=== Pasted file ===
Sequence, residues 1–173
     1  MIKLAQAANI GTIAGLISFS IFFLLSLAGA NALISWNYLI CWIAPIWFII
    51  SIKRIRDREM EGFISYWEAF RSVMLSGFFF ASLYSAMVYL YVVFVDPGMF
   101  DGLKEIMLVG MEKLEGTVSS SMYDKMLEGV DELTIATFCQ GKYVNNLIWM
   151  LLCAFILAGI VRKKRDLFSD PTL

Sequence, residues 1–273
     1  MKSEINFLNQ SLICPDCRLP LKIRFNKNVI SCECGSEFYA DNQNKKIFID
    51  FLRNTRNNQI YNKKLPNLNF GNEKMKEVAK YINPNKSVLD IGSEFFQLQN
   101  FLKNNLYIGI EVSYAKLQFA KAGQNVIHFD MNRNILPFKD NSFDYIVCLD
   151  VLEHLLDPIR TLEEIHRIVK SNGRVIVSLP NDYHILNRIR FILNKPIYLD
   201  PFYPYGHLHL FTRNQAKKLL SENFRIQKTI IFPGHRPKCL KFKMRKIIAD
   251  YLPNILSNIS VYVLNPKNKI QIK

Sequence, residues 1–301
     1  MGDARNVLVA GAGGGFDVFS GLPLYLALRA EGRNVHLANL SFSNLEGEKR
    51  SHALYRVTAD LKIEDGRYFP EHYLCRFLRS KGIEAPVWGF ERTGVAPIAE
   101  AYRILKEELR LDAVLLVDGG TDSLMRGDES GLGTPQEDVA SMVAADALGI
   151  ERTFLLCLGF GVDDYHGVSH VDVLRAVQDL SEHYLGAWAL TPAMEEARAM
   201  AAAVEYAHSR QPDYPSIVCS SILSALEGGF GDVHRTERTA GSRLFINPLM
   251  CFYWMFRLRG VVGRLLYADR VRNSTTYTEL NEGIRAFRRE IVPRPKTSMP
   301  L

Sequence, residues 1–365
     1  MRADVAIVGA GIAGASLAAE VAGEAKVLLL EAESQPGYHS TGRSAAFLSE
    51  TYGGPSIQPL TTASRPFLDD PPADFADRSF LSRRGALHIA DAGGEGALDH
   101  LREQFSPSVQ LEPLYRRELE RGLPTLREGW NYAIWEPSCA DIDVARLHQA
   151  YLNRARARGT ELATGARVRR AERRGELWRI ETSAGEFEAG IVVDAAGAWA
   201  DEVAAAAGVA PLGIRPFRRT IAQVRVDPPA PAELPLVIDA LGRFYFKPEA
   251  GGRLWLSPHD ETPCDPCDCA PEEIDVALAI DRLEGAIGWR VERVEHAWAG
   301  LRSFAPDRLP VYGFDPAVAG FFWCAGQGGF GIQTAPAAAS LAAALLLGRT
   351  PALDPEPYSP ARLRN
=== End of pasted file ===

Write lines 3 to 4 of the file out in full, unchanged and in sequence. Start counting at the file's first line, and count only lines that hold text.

    51  SIKRIRDREM EGFISYWEAF RSVMLSGFFF ASLYSAMVYL YVVFVDPGMF
   101  DGLKEIMLVG MEKLEGTVSS SMYDKMLEGV DELTIATFCQ GKYVNNLIWM